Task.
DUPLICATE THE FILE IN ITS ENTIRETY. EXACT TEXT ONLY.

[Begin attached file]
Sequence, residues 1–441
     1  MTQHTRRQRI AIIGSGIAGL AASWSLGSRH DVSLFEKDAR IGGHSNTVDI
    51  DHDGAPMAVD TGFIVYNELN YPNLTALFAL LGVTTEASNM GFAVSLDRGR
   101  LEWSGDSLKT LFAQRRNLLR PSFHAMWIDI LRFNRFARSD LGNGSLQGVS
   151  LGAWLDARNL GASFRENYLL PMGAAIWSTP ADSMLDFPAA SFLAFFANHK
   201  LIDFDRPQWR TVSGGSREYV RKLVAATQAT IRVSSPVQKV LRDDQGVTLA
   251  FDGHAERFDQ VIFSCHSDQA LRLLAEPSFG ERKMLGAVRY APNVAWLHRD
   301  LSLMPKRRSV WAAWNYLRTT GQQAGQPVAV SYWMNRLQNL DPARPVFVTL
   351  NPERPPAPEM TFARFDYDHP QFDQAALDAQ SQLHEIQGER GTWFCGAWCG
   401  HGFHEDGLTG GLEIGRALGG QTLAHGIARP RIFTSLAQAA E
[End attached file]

Sequence, residues 1–441
     1  MTQHTRRQRI AIIGSGIAGL AASWSLGSRH DVSLFEKDAR IGGHSNTVDI
    51  DHDGAPMAVD TGFIVYNELN YPNLTALFAL LGVTTEASNM GFAVSLDRGR
   101  LEWSGDSLKT LFAQRRNLLR PSFHAMWIDI LRFNRFARSD LGNGSLQGVS
   151  LGAWLDARNL GASFRENYLL PMGAAIWSTP ADSMLDFPAA SFLAFFANHK
   201  LIDFDRPQWR TVSGGSREYV RKLVAATQAT IRVSSPVQKV LRDDQGVTLA
   251  FDGHAERFDQ VIFSCHSDQA LRLLAEPSFG ERKMLGAVRY APNVAWLHRD
   301  LSLMPKRRSV WAAWNYLRTT GQQAGQPVAV SYWMNRLQNL DPARPVFVTL
   351  NPERPPAPEM TFARFDYDHP QFDQAALDAQ SQLHEIQGER GTWFCGAWCG
   401  HGFHEDGLTG GLEIGRALGG QTLAHGIARP RIFTSLAQAA E